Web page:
But as wonderful as this vision for community life may be, Christians — or humans for that matter — have never been good at living this out. The Church has often excluded its members from contributing, or has insisted that ‘livers’ function as ‘muscle’, or encouraged all of its members to be ‘fingernails.’ I won’t go into the litany of ways the Church has let down its members — I don’t need to, since anyone who has been a part of a church community will have a list of examples ready at hand. The obvious reason why this is the case is ‘sin’: the Church is made of people who, despite our best intentions and efforts, remain caught up in our issues and baggage and still project and deflect our fears, insecurities, and disappointments onto others. But on the collective level, perhaps the Church’s greatest sin has been that it has thought of the healthy growth of its members as a threat to its own stability and wellbeing. We might very well say that the Church, like us, tends to operate to defend its own ‘false self’ rather than opening itself up to its true self — its true reason for being, which is to be the healthy and whole body of Christ in the world, comprised of healthy and whole members. This is deeply disappointing behaviour, but not surprising. Communities tend to have totalitarian and authoritarian impulses and all too often treat people as means to an end. This goes beyond a ‘Church’ problem and is true of any institution or community, but it seems particularly disappointing with the Church which is ‘supposed’ to transcend such petty human problems.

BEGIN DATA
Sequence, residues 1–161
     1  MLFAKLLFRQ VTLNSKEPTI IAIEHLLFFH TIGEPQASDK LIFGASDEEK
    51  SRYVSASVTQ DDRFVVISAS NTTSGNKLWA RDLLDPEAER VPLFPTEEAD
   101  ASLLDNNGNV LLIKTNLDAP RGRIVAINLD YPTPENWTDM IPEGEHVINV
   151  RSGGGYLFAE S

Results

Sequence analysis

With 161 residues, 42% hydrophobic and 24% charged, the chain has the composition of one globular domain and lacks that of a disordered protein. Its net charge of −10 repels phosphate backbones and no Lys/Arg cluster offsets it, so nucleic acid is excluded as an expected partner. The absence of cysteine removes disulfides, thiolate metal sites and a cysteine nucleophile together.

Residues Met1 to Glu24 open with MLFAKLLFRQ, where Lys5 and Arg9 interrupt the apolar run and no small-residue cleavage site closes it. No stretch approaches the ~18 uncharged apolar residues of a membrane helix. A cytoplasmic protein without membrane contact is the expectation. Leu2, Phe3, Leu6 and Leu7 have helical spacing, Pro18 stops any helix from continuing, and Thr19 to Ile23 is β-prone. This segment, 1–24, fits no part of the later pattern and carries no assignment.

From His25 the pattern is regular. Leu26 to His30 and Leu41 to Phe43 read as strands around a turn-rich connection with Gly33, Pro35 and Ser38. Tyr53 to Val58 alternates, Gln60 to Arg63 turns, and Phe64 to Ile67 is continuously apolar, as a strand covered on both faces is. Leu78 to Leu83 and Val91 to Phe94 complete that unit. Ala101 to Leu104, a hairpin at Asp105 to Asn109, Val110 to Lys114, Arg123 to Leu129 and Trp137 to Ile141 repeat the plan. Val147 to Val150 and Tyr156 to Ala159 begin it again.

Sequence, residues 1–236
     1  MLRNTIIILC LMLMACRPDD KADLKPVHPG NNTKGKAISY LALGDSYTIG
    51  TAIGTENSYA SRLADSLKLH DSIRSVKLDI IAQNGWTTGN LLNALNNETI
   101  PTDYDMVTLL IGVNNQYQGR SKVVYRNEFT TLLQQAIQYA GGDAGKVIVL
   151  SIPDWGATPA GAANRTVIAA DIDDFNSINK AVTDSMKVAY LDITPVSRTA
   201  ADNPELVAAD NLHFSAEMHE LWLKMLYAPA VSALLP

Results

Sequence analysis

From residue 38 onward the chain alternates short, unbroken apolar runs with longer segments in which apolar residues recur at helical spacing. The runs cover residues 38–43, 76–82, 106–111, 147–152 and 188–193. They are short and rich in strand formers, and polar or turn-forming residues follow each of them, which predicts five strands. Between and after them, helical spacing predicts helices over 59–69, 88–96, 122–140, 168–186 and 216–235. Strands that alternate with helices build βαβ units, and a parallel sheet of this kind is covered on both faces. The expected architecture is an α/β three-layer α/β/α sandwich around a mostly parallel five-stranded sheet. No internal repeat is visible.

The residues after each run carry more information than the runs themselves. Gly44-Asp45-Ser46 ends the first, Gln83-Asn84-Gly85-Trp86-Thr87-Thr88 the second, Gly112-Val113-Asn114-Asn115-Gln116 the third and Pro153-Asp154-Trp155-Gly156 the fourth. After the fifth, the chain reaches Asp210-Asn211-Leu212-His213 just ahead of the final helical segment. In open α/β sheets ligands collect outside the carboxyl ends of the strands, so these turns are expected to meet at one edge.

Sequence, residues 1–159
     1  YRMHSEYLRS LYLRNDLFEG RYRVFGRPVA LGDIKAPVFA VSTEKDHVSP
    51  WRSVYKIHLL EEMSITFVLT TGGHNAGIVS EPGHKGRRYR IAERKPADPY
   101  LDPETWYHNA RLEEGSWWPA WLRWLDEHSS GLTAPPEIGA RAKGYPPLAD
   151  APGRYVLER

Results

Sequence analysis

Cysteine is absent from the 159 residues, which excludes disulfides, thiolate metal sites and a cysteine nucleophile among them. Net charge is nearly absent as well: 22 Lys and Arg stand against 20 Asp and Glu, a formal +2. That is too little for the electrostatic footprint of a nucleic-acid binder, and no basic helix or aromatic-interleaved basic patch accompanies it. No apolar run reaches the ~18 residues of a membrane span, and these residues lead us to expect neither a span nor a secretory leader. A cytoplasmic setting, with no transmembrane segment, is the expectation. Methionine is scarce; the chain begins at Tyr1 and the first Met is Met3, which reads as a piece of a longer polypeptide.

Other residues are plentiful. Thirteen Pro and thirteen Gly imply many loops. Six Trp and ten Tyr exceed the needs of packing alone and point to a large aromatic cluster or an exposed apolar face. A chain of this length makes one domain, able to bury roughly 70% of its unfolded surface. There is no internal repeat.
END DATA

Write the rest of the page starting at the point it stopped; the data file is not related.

And yet, despite its myriad failings, we cannot in good conscience rid ourselves of the ideal of Church either. We need one another. Not only because we need the other ‘body parts’ to do the things we aren’t well-suited to do, but also because — for the very reasons that make genuine community difficult — authentic growth really only happens in community. As I’ve written previously:
In our day-to-day lives, what is better at dislodging our self-centredness than honestly engaging with another person, even if that engagement is only as deep as trying to negotiate what to have for dinner? The greatest chasm in the world is the one between two human hearts and minds. Meeting another person, conversing, negotiating, finding common ground and ways of working with difference — this stunning revelation that ‘I’, my thoughts, beliefs, experiences, hopes, and dreams are not all that matters in the world — is really the true work of being human.